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When should I see a Veterinarian?

There are plenty of times that folks reach out on social media looking for advice for their pets.


There are certain conditions in which you shouldn't be sitting on social media trying to decide whether to take your pet in or not.


You can use a standard veterinary triage list to let you know if this is something you should seek advice from an emergency veterinarian or if it is something that can wait the weekend to call your primary care veterinarian.




Triage Level One


These are life-threatening conditions in which it could be life or death within minutes of getting your pet seen.


Any loss of consciousness including seizures. Depending on the cause of the seizures, but cluster seizures (seizures back-to-back) or status epilepticus (a seizure that lasts longer than 5 minutes).


It always surprises me that people are filming their dogs having a seizure or talking to them to tell them they are ok. It just baffles me that we aren't calling a medical professional and if this is the 3rd or 4th seizure that day, or that week... or that month even, why are they not on anti-seizure medications.


Anyway, I digress again. Heat stroke can also lead to seizures.


Hit by car: if the pet has a fractured bone, this is painful. If the pet has a flailed chest; there is a rib fracture and air is being sucked into the thoracic cavity outside of the lungs, this is an emergency.


That same injury of flail chest can also occurred when we have a big dog, little dog attack. This is when a large dog grabs a small dog by the body and shakes them like a rag doll.


Choking or difficulty breathing. This should be an obvious one. If there is something in the airway, or if the patient is becoming cyanotic or pale, this is urgent. Take a look at their gums to see if they are blue, purple or white.


Actually, if they are any other colour than their usually pink bubble gum colour, they aren't doing well.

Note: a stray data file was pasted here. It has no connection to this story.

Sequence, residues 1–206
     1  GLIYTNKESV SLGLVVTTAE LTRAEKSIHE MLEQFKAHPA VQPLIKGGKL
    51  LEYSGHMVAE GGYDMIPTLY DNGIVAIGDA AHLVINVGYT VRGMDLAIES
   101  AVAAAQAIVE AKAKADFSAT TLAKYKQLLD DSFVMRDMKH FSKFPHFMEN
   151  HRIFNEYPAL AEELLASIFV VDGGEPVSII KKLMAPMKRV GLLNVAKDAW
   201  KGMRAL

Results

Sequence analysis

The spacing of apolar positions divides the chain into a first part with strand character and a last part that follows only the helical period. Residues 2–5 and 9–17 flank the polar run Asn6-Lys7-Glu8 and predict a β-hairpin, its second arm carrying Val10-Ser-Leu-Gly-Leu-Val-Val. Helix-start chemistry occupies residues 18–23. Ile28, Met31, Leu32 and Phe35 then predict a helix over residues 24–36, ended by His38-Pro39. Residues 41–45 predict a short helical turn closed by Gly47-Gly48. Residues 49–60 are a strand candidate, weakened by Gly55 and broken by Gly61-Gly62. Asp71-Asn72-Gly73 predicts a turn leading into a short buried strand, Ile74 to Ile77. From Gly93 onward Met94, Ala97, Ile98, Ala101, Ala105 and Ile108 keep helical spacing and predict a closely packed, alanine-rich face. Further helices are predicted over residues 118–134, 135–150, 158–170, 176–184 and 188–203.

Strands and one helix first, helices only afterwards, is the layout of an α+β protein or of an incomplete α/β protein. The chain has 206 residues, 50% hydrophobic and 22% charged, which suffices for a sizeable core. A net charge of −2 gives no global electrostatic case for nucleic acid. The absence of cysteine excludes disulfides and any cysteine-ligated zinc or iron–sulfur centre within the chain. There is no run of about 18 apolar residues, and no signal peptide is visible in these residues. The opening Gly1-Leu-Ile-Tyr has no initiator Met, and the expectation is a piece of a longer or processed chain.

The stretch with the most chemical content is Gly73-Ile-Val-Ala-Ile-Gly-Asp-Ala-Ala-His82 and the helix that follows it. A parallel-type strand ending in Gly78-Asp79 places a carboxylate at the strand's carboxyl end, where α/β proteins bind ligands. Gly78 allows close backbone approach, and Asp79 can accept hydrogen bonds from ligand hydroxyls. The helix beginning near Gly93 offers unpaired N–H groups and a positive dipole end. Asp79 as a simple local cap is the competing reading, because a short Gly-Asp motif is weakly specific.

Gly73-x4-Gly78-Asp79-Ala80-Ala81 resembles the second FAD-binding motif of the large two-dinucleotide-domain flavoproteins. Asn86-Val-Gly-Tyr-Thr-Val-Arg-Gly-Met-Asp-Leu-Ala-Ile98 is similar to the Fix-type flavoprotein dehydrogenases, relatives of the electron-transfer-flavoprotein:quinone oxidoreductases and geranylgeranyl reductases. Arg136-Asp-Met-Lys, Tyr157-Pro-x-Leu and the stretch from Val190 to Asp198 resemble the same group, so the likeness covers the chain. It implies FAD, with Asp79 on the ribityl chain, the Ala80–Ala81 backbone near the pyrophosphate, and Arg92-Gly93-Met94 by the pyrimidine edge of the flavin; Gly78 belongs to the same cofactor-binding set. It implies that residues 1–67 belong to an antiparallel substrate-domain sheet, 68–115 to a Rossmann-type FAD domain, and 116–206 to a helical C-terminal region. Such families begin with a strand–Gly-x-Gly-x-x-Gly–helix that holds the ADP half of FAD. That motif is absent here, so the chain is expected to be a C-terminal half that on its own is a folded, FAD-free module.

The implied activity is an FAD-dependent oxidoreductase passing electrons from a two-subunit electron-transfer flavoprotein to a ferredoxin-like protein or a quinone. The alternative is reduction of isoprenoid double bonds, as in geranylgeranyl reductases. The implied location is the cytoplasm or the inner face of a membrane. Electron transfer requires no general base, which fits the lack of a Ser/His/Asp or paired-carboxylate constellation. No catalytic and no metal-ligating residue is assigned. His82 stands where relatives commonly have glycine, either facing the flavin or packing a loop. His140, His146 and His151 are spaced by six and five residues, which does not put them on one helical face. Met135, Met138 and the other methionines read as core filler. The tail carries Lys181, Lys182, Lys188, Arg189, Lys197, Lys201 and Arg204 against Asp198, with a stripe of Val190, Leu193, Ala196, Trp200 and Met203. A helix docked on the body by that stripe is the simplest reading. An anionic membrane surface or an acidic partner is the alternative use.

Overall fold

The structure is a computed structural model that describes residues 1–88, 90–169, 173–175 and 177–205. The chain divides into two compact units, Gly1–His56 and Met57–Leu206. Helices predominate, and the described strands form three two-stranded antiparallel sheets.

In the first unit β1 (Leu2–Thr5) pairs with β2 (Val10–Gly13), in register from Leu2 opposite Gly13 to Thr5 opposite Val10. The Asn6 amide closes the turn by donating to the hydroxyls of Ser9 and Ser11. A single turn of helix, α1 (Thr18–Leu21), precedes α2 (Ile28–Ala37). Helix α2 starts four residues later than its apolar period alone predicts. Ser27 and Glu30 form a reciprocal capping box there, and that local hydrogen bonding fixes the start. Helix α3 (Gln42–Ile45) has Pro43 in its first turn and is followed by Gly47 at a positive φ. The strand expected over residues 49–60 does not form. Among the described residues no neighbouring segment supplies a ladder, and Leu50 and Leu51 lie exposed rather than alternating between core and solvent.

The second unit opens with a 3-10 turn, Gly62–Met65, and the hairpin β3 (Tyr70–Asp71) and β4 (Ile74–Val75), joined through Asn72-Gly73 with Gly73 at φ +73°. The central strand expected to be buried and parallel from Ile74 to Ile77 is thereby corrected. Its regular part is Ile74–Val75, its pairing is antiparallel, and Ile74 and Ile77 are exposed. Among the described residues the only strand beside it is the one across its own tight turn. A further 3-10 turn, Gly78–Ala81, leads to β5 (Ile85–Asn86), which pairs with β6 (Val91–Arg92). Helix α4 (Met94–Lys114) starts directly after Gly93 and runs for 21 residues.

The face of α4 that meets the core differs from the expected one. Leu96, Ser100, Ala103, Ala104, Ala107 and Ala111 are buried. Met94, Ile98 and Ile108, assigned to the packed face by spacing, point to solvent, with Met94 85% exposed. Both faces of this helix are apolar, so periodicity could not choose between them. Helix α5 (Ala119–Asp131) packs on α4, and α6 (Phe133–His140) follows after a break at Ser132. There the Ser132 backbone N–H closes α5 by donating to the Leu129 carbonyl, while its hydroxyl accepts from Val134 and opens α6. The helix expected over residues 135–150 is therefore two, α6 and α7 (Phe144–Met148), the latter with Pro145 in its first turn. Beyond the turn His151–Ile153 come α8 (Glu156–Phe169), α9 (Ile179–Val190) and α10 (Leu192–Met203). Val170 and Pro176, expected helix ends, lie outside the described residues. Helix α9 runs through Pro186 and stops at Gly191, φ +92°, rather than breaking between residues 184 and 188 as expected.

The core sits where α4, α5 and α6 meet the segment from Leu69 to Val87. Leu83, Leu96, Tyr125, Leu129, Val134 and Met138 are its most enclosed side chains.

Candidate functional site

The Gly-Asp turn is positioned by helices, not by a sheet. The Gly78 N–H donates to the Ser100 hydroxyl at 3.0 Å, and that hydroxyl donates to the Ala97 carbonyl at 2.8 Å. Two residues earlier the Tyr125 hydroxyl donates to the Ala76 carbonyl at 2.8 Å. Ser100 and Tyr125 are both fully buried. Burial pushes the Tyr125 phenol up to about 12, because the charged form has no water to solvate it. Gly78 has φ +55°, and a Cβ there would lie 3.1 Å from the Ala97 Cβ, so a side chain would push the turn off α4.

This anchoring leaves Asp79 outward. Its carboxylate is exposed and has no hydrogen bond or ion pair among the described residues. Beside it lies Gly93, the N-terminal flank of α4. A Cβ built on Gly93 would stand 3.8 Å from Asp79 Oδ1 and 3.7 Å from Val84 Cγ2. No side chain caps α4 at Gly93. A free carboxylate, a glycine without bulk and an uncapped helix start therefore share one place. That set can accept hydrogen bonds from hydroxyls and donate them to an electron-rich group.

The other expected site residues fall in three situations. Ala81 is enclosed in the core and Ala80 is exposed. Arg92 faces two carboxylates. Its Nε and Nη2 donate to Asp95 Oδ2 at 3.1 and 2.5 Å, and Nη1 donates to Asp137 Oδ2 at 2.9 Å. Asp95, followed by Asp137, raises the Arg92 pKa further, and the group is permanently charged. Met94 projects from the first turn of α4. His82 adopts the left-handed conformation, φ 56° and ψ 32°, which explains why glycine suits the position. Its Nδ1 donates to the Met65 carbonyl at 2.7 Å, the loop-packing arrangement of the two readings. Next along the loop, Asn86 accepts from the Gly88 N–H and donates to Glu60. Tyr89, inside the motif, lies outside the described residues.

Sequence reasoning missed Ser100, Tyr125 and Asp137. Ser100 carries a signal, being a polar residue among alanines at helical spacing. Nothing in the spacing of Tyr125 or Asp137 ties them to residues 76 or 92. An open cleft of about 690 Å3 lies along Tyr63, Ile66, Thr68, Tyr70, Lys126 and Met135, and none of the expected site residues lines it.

Pale gums could suggest active bleeding. The obvious ones would be visible lacerations. But the not so obvious ones are the ones that have internal bleeding, say a mass on that spleen that has ruptured.


If an animal is trying to urinate and cannot pee. This suggests a blockage. Usually accompanied by pain or straining. As time passes, this becomes more urgent, which risk of kidney damage and cardiac arrhythmias.


Large breed or deep chested dogs that appear to be retching, gagging or just increased respiratory rate could be developing 'bloat' or gastric dilation and volvulus. All those with Great Danes know what I'm talking about.



Non-urgent concerns.


Almost all skin infections, except active bleeders as above. Almost all ear issues, again, unless it's acute trauma like a dog attack or hit by car. Almost all eye issues, while some can be painful and should be seen, you might be waiting 4 hours at the ER clinic.


Low appetite that is not accompanied by vomiting, diarrhea, abdominal pain, collapse, etc Similar if there is softer stool without blood.


When I went to a humane society to discuss what they should do, they asked several questions about cases, for example. Eyes - yes, they can be painful, but not all eye issues are major urgent. But you also need to use a bit of common sense. Eye issues that were associated with trauma. You likely should be calling your veterinarian.


Ear infections - these can also wait a day. The ear infection did not just randomly start at 4pm. Likely the pet parent has missed the subtle signs of scratching or head shaking. It's ok if you want to go to the ER, but keep in mind that there is a hit-by-car, big-dog-little-dog flailed chest, a cat that cannot urinate, a puppy that got into recreational drugs and a 12 yo dog that is vomiting blood that are also on the docket.



What happens if I cannot afford to go to the emergency vet hospital? Most veterinary hospitals offer some sort of lending service. Some humane societies will assist with veterinary costs, especially if the alternative is to let the pet suffer through a painful condition. The one thing you should note is that most veterinarians will try to meet you where you are. Yes, we want to be able to perform the gold standard of medicine, and we understand that you start to feel guilty that we offer this and you cannot afford this. But when you feel guilty that you cannot afford the costs, it is not that individual veterinarian's fault... yet, how many of you have thought about this. Veterinary medicine is so expensive. Life is really expensive. For most of us, we are not the clinic owner, and we do not set the prices. We also do not control inflation. But, you need to care more about your pet than we do.


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